TEGUCIGALPA, HONDURAS - --
A team of five Airmen, two with a special experience identifier earned through the International Health Specialist (IHS) program, traveled to Tegucigalpa, Honduras to work side-by-side with their Honduran air force counterparts during a subject matter expert exchange here, April 3.
Airmen with an IHS certification were able to provide diversified international skills and knowledge of military and civilian health disciplines used to facilitate the five-day engagement by enabling flight medicine knowledge to be shared across a language barrier, which helps strengthen partnerships.
"Having an IHS identfier allows you to be like an ambassador," said U.S. Air Force Capt. Diego Torres, Detachment 4, 375th Operations Group, Wright-Patterson Air Force Base, Ohio. "It allows you to better interact with your counterparts. You're a step ahead of every development phase because you know what is needed and you know how to present that information and provide it so the mission can be successful."
Communicating effectively and being culturally aware while conducting missions overseas can be a challenge, but Airmen with an IHS SEI provide a unique capability to ensure smooth execution of missions abroad.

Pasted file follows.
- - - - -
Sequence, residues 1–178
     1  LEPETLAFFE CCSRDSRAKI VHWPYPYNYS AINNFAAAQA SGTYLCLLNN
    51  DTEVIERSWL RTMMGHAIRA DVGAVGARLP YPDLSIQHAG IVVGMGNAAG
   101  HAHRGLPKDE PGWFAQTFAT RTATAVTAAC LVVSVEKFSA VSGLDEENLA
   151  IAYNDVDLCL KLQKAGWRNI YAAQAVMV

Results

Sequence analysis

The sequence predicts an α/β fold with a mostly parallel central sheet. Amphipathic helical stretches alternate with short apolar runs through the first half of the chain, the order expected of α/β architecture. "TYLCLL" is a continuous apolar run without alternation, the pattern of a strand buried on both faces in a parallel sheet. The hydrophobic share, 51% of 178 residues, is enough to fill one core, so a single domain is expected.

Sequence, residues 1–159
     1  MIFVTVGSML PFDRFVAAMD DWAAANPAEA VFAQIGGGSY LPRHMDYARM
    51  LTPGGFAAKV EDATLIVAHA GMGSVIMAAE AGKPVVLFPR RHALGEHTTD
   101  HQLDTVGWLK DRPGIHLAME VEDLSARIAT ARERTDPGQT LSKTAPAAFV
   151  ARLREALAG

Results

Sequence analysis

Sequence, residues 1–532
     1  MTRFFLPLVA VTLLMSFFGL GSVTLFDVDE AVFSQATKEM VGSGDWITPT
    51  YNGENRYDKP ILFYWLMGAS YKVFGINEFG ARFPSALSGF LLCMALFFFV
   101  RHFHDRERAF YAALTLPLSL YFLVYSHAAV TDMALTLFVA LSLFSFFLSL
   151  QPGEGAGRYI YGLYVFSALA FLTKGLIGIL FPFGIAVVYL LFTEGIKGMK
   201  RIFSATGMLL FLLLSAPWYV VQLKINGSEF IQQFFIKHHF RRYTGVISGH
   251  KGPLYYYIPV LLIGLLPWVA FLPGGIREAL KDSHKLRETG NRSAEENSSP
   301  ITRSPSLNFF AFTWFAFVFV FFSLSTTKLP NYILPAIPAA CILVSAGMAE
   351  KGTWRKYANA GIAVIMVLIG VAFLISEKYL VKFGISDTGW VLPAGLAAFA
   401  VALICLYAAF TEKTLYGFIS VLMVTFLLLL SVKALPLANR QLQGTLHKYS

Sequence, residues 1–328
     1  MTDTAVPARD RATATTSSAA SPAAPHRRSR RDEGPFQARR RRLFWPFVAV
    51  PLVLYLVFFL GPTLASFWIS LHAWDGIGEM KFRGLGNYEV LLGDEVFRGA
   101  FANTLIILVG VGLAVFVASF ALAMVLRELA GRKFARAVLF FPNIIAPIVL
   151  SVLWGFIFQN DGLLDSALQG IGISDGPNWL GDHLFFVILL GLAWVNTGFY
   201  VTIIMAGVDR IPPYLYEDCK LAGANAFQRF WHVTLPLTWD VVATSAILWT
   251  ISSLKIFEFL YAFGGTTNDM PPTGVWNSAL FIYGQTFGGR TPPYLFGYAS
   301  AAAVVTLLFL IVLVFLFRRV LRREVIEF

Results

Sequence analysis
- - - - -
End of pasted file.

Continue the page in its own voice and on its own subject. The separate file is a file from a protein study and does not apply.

"I think it's important whenever they're putting together missions that they take a look at us and say 'hey he has an IHS designator, he has these capabilties,' and they can tailor the teams specifically to the needs required for the mission," said U.S. Air Force Capt. Ricardo Sequeira, 628th Medical Operations Support Squadron and 14th Airlift Squadron Flight Doctor, Joint Base Charleston, South Carolina. "It really is a beneficial tool the Air Force can use to increase mission efficiency."
Earning an IHS designator has also helped positively influence Sequeira's career.
"It identifies certain capabilities that a person has," said Sequeira. ""Usually it's some kind of language proficiency and having an interest in global health. That special experience identifier is really a door opener, it really opens up a lot of opportunities."
One of the doors it has opened for Sequeira was the opportunity to support this exchange here, and share knowledge and experiences with his Honduran counterparts, all while expanding on partner nation capacities.
"Today was fantastic," said Sequeira. "I was really impressed with how warm the people were. It was really like coming to meet old family members. They're just incredibly open, ready, and anxious to learn from us and teach us."
Sequeira's commander, Air Force Lt. Col. Brian Neese, 628th MDOS commander, hopes that he will walk away from the experience with a new outlook.
"I hope he understands the importance of the IHS program," said Neese. "The importance of having people in our military who have the capability to do cross cultural medicine, be experts in global health, and to leverage that for security cooperation. We have a lot to learn from them in regards to how you make the most with what you have because i'll tell you right now Honduras is doing that. I hope he makes a friend, a friend for a career, a friend for life."